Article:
My Turn: Slow down for everybodys safety |

My Turn: Slow down for everybodys safety

Lynne Larson

I have had this niggling feeling for sometime now and I hadnt been able to put my finger on the source until today. I make it a point to walk several miles every day regardless of the weather.Today I realized that every time I set out for a walk in my neighborhood (no sidewalks), my personal safety is a risk. As a matter of fact, we are all at risk when walking in our neighborhoods. Why? Most of us arent thinking very actively about our safety as we walk along four abreast, with the dog tagging along and our backs to traffic. Even worse is the Mother pushing her baby in a stroller with the family dog in tow and talking on her cell phone. Oh did I mention with her back to traffic?!! The reason I am making such a big deal about this is because many motorists in our neighborhoods dont have the good sense to slow down on the icy roads.In the recent past my husband was nearly run over by an out-of-control car. He was facing the oncoming traffic and was barely able to get out of the way. You get the picture. I recently asked a family I encountered why they walked with their backs to traffic. Each person had a different answer.I just didnt think about it. Our house is on this side of the street and we just didnt cross over. I think if you have your back to the traffic the driver will think you dont see the car and will look out for you. Yeah, if the driver thinks you see him he wont slow down. These were all interesting comments. I, however, am from the old school where we were taught to face traffic. Did that change?Now I want to comment to the drivers who find it necessary to rip through our neighborhoods. Some of you are residents. I observed a mother rushing her child to the bus stop this morning among others (shame on you). Some of you are construction workers, some of you are delivery folks and some of you are visitors. Unless the rules have changed and I missed it, the speed limit in a residential neighborhood is 25 mph. Common sense dictates slower speeds when the roads are icy. Some folks who drive the snazzy SUVs and the not so snazzy 4-wheel-drive vehicles dont seem to get it. They appear to have an image of themselves that they got from some TV commercial. You know the ones. The perfect driver, with the stylish haircut and the even more stylish sunglasses whipping through the frozen tundra throwing up snow behind the vehicle. Wow! I am not impressed. Did you ever notice there are no families in the car? I shared my concerns about those commercials with a representative from a major motor company. I said I thought they were irresponsible and sent the wrong message. The representative from the motor company said, We know there are problems but our job is to sell vehicles and we do whatever it takes.So where am I going with this? If you are out walking, especially in winter, walk facing the traffic, be alert, wear clothing that is easily seen, coach your children on walking safely (especially your invincible teens) and keep your dog on a leash.To the drivers who slow down for us, I thank you from the bottom of my heart. For the unconscious drivers: allow more time to get where you are going, get off your cell phone, keep both hands on the wheel (drink the coffee later) and slow down, slow down, slow down. You may think you can stop in time to avoid a pedestrian or dog. Dont count on it. Your 4-wheel-drive vehicle cannot stop any better than any other on icy roads. For those drivers that dont seem to care, and I have seen plenty of them, my message to you isnt printable.Lynne Larson has owned a home in Truckee for almost 20 years and is deeply concerned about maintaining the quality of life she has come to love and cherish.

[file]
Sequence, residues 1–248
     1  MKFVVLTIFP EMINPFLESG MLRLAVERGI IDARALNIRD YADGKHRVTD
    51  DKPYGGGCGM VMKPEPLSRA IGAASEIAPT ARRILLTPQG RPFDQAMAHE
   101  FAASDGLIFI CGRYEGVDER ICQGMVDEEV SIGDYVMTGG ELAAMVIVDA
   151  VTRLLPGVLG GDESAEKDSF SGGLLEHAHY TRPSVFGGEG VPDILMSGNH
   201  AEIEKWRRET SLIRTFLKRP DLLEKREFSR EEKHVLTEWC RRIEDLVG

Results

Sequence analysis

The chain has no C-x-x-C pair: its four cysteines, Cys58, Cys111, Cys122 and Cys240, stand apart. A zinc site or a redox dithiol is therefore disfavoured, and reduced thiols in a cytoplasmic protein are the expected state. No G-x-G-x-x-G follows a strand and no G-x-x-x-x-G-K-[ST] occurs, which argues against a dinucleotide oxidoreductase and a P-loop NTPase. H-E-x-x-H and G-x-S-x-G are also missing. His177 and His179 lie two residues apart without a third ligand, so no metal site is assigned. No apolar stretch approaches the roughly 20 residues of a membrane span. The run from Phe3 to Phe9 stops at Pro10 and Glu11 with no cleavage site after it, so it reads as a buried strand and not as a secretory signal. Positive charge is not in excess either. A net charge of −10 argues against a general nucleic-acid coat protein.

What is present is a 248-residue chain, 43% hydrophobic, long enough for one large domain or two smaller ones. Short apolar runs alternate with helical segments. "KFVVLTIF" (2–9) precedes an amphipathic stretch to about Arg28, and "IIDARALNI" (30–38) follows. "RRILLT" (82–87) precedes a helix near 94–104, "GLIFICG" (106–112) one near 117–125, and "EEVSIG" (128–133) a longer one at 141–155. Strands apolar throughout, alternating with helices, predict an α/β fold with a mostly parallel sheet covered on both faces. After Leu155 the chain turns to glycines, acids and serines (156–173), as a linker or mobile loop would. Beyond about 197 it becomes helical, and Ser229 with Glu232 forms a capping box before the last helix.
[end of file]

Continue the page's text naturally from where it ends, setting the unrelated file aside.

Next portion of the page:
Support Local Journalism


Support Local Journalism

Readers around Lake Tahoe, Truckee, and beyond make the Sierra Sun's work possible. Your financial contribution supports our efforts to deliver quality, locally relevant journalism.

Now more than ever, your support is critical to help us keep our community informed about the evolving coronavirus pandemic and the impact it is having locally. Every contribution, however large or small, will make a difference.

Your donation will help us continue to cover COVID-19 and our other vital local news.